From the Chair...
Standing Committee on Legal Assistance
for Military Personnel
One of the priorities of the Standing Committee on Legal Assistance for Military Personnel (LAMP) is to cultivate relationships with state and local bar association entities dedicated to supporting servicemembers, veterans, and their families. The LAMP Committee views its connection to the state and local bars to be one that is mutually beneficial: Given the LAMP Committee's long history and strong relationship with the Department of Defense, we have a great deal of expertise and experience to share, as well as the benefit of a national perspective. Conversely, the state and local bars have vital insights into the "on the ground" legal issues and challenges facing military personnel and veterans in their states and communities. By working together, we can fully achieve our respective missions to ensure access to justice for military–connected families. In this column, I thought I would highlight some of our efforts in this area.
One of the ways we have worked closely with state and local bars in recent years has been in developing and promoting CLE and "Roundtable" programs. Starting in 2010, LAMP has conducted Roundtable events around the country in cooperation with state and local bar associations to bring together stakeholders in the legal community to discuss their issues, programming, and to share information about the work being done by the ABA and LAMP. Our first Roundtable was in 2010 with the Boston Bar Association, and in 2011 we held a Roundtable with the Washington State Bar Association combined with a program on meeting the specific legal needs of military families and youth. Since then, we've also had Roundtable meetings with members of the Arizona State Bar and Nebraska State Bars. Additionally, in the past two years we have formally cosponsored CLE programs with the Virginia State Bar and the North Carolina State Bar, through which we closely collaborated in development of the substantive programming to best meet the needs of local practitioners working with military–connected clients.
Beyond meetings of leadership and educational presentations, our LAMP Committee directly interfaces with the state and local bars through our programmatic initiatives, most notably our Military Pro Bono Project. Many state and local bar associations with their own military–oriented initiatives work directly with the Military Pro Bono Project to help ensure that military families in their communities receive the legal help that they need. We do not duplicate our efforts; rather, we work together to supplement and support each other's work. For example, the State Bar of Georgia Military Legal Assistance Program helps connect military members and veterans to bar members who are willing to provide free or reduced–fee assistance. Working directly with staff, the State Bar of Georgia helps locate local bar members who are interested in helping with specific pro bono referrals received from our Project. Other state bar associations with military programs that consistently collaborate with the Project include the Oklahoma Bar Association, the South Carolina Bar, and others.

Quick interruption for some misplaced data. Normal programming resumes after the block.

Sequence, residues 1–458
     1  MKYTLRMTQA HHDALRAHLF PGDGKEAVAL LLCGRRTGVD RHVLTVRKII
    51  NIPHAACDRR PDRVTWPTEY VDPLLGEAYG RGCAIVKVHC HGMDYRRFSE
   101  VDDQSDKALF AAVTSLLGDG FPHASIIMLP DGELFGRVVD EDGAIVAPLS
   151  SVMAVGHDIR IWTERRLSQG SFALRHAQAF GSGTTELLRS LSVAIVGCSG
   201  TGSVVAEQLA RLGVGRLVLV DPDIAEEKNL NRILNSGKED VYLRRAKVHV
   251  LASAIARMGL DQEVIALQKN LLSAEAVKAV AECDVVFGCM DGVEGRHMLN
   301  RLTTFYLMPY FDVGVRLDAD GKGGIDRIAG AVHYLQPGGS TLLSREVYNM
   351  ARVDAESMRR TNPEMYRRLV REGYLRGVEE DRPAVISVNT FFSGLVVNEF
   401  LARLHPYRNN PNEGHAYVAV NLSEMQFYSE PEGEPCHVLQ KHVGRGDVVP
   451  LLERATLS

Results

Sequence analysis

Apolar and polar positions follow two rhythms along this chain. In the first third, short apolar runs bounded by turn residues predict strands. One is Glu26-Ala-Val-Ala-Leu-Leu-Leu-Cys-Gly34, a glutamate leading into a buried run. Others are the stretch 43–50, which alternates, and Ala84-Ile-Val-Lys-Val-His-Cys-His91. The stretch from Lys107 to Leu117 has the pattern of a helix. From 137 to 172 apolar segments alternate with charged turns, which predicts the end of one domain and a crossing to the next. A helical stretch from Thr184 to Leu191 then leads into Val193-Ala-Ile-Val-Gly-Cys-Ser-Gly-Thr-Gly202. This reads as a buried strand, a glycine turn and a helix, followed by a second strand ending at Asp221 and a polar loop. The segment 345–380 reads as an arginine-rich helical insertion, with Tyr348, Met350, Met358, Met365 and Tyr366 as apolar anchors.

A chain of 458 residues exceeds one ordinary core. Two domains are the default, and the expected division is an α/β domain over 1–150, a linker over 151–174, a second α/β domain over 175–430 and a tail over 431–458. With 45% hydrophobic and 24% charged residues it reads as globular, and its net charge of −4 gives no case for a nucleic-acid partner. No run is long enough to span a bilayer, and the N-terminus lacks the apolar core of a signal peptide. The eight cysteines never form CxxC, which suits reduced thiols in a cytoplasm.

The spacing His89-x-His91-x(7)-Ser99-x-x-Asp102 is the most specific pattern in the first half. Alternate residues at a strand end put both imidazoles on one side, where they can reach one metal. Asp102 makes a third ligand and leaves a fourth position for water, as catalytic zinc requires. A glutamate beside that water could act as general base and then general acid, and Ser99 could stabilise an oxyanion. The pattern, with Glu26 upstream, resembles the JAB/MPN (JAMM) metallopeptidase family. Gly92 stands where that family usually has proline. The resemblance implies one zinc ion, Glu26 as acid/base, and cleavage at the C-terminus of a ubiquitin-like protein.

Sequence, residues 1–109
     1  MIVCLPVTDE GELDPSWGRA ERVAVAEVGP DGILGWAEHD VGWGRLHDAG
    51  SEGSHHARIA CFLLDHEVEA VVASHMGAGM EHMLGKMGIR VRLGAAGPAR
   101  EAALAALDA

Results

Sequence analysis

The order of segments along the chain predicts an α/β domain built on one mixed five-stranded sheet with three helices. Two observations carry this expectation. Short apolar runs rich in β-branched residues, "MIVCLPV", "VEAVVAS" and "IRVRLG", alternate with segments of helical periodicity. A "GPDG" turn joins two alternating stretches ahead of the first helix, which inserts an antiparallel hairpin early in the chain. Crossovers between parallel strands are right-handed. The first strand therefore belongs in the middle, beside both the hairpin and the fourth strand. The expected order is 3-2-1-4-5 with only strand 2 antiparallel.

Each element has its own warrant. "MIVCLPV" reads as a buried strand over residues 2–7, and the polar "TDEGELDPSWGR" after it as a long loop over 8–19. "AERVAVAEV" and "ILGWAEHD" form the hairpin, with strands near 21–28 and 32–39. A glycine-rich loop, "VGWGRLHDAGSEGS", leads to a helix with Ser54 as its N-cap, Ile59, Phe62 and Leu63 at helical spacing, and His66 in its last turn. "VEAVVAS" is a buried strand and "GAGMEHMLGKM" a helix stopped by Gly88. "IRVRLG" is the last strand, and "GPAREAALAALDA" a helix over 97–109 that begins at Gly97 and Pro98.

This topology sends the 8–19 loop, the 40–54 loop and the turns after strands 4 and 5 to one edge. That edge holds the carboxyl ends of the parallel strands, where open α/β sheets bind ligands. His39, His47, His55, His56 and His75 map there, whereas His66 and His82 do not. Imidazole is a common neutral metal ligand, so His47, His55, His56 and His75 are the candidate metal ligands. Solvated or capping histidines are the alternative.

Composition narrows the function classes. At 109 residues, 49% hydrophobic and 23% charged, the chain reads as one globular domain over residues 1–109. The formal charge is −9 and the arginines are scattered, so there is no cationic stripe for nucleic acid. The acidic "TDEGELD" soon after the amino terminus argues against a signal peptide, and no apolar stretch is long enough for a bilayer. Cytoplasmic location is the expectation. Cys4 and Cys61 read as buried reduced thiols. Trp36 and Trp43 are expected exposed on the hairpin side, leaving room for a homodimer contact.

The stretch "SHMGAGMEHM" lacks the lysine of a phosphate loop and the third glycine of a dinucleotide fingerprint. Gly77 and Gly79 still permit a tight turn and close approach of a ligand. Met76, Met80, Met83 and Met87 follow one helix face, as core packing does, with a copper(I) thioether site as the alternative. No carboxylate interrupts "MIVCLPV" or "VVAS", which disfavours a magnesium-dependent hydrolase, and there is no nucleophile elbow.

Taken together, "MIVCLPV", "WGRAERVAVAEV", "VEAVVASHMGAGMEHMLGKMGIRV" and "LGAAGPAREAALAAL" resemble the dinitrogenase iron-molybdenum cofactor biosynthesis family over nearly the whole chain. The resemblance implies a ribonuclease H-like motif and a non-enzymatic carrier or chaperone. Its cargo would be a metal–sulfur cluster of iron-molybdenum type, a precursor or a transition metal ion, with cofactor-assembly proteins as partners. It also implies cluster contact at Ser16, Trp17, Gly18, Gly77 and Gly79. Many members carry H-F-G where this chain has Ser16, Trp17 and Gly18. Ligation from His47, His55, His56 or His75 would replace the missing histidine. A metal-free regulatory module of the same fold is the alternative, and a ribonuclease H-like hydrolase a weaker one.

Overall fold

We also work with many state and county bar associations to help publicize the legal needs of military families and how attorneys can volunteer to help. Many local bars share this information with their members by publishing articles about LAMP and the Military Pro Bono Project in their journals and newsletters and by including information on their websites. For example, in a recent winter edition of the Alaska Bar Association's quarterly newspaper provided to all Alaska attorneys, Alaska Bar Rag, the bar included an article about the Military Pro Bono Project and how lawyers can get involved. In addition, the bar created a special webpage on its pro bono website to post the Project's open Alaska cases. Similar publicity recently has been provided by other bar associations, including the Jacksonville Bar Association in Florida, Nebraska State Bar Association, Volusia County Bar Association in Florida, Wichita Bar Association in Kansas, and others.
In addition, many smaller, local bar associations are providing significant help to our servicemembers by using their email list services to keep their members updated about local pro bono case opportunities, including those through the Military Pro Bono Project. In particular, in states with high military populations—such as California, Florida, Maryland, Texas, and Virginia—local county and city bar associations are playing an essential role by sharing the Military Pro Bono Project's pro bono case opportunities to their members.
Finally, it is also important to note that the LAMP roster currently includes liaisons assigned by the state bars of Florida, Texas, Virginia, and Washington State. We welcome the involvement of these liaisons in our committee's business meetings as often as they are able to attend, and their counsel is extremely helpful in shaping our committee's priorities.
I'll close this column by mentioning that building relationships with state and local bars is an ongoing priority for us, and to that end I have recently sent out letters to the executive directors of all of the state and local bar associations nationwide in an effort to raise awareness about the support, resources, and programs available through the ABA LAMP Committee and our interest in collaboration. I look forward to continuing this effort, and I welcome input from readers on how we can better connect with our colleagues in the state and local bars.